champions of industry, as they have greater capacity to profit from new
information available, intruding into the private domain and creating a new
global customer base. In the developing world there are those who are concerned
by the process, viewing it as a Western culture of domination through economic
interests and the icons of globalization such as Coca-Cola and
There is some value to all these arguments, but the
information revolution also gives rise to powerful opportunity.
process of globalization has been dramatically furthered. The globalization of
information may be more important than the globalization of commerce, as it
affects more profoundly people’s thoughts. The penetration of the Internet is
transforming the world. Today almost every second person uses the Internet,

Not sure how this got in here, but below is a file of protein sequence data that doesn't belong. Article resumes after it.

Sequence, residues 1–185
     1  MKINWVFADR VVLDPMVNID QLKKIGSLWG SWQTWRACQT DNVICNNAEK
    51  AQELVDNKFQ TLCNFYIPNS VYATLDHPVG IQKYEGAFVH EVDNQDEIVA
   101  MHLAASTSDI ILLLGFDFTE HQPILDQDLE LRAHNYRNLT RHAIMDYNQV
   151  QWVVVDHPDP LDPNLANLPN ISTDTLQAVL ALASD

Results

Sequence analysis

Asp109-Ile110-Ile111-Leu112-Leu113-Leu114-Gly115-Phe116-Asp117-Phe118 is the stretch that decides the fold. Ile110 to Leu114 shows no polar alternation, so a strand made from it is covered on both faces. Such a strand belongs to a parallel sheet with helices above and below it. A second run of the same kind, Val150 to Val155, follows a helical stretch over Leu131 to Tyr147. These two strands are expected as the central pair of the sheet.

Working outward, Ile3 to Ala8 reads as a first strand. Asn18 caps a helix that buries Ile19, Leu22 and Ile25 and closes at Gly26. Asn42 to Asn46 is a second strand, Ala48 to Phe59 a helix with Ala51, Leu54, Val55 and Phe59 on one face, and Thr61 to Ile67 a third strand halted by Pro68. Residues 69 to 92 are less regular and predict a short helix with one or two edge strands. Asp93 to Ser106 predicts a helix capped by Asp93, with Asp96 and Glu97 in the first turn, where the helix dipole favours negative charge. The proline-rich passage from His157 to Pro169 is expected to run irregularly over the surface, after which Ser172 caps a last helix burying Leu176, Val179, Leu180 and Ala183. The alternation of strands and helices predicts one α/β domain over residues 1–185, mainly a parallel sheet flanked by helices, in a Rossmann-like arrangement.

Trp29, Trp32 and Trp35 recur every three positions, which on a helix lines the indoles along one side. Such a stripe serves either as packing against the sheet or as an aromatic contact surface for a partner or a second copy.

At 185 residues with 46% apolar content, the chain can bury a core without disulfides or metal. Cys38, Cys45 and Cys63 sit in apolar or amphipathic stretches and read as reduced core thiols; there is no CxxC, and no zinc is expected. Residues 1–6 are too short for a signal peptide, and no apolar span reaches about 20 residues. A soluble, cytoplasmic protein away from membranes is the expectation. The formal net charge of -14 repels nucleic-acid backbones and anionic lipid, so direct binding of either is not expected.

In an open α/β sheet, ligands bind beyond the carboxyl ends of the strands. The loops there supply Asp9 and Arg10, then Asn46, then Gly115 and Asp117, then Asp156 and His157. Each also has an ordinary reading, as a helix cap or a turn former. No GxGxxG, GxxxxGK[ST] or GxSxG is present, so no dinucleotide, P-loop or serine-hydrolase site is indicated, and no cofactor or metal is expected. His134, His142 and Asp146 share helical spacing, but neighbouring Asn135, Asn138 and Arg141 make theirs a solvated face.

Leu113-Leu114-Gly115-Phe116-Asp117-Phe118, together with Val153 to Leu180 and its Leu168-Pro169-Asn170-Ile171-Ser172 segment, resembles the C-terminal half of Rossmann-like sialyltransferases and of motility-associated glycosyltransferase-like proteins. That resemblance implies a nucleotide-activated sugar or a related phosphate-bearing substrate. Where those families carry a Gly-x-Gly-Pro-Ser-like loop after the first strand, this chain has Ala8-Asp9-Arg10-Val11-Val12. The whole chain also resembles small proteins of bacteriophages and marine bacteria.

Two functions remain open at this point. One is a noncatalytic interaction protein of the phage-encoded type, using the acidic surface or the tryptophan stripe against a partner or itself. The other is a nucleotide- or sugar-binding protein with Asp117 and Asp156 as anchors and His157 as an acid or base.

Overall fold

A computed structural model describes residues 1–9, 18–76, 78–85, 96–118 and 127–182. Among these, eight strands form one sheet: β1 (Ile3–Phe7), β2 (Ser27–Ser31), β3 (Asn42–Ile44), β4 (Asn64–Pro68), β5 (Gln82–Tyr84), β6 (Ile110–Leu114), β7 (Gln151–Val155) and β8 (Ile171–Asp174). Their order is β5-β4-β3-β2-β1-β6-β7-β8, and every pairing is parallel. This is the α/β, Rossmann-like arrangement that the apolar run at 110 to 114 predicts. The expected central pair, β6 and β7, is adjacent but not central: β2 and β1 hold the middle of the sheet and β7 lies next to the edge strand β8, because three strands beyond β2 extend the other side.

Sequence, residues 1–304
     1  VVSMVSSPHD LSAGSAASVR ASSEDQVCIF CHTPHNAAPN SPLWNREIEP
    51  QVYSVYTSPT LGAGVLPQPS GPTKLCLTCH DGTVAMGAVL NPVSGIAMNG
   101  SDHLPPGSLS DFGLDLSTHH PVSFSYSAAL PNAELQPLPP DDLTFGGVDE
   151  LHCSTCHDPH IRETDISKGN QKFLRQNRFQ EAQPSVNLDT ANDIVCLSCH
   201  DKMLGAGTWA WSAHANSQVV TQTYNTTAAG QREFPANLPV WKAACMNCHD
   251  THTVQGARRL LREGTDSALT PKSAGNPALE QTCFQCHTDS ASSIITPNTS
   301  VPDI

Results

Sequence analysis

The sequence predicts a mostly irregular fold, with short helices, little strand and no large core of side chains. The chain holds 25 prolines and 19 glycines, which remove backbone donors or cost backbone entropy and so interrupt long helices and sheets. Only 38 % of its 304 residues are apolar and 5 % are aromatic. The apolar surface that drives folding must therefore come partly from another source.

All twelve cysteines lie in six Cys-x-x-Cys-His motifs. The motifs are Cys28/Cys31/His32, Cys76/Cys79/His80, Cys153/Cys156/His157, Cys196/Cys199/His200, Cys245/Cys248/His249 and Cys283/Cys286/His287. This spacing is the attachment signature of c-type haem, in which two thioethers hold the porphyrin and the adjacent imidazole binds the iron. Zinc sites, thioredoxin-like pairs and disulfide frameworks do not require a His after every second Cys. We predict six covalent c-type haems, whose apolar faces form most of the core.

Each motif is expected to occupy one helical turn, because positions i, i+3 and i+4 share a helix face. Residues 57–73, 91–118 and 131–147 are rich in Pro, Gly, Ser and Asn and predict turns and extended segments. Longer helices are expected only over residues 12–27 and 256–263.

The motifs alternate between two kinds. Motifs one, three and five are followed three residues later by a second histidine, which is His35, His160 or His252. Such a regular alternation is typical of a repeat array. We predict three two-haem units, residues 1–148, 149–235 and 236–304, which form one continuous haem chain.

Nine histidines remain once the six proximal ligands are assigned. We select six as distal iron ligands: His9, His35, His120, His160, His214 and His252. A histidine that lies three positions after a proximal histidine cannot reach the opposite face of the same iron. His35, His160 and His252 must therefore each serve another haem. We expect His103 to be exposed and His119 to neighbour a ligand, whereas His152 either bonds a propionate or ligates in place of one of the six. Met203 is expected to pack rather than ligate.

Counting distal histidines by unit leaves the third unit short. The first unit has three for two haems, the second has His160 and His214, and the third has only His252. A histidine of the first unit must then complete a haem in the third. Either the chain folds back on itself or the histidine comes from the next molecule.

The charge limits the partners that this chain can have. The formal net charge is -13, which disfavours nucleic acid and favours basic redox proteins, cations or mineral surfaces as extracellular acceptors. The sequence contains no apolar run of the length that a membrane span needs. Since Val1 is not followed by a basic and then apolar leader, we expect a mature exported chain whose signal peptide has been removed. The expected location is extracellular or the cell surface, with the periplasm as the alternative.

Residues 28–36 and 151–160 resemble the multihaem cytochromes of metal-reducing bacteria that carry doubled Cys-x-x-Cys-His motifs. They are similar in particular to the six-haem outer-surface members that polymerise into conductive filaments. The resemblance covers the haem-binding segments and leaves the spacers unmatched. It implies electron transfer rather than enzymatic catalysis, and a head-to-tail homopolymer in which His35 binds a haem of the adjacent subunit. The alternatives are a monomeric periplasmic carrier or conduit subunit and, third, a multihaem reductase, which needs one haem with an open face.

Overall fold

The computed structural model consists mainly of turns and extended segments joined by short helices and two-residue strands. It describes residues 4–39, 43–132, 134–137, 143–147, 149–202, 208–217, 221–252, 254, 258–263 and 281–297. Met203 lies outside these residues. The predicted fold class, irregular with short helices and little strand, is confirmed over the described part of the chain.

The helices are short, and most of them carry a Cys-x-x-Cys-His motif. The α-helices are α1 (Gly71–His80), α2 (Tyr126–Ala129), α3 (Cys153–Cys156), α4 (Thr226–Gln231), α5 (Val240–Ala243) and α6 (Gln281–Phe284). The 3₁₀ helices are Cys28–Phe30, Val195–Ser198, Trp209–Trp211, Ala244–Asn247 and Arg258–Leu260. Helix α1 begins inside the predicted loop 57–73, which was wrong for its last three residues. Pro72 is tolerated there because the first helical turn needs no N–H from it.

including 86% of the United States, 63% of Europe and 37% of the Middle East – a
growth of some 530% in a decade. We are nearing an era in which the majority of
almost 10 billion people will be able to communicate and interconnect with one
another. This creates new opportunities to create global communities of shared
interests and values.
2. Parallel to this process there is also a change
for the individual, related to how people get to know each other. The “other,”
the “distant,” the “incomprehensible,” are suddenly much closer – and to
everyone’s surprise, not that different.
Knowing, sharing information and
communicating with others has made the perception of the “other” much more
human. This has potential for contributing to greater tolerance. Facebook, with
an enormous community of almost one billion users the world over, has had an
important impact on these processes. Due to the “Zuckerberg Revolution,” people
everywhere are contributing to the creation of a more transparent world. Sharing
personal information on their Facebook timelines, making Facebook friends across
borders and creating communities of similar interests and values in order to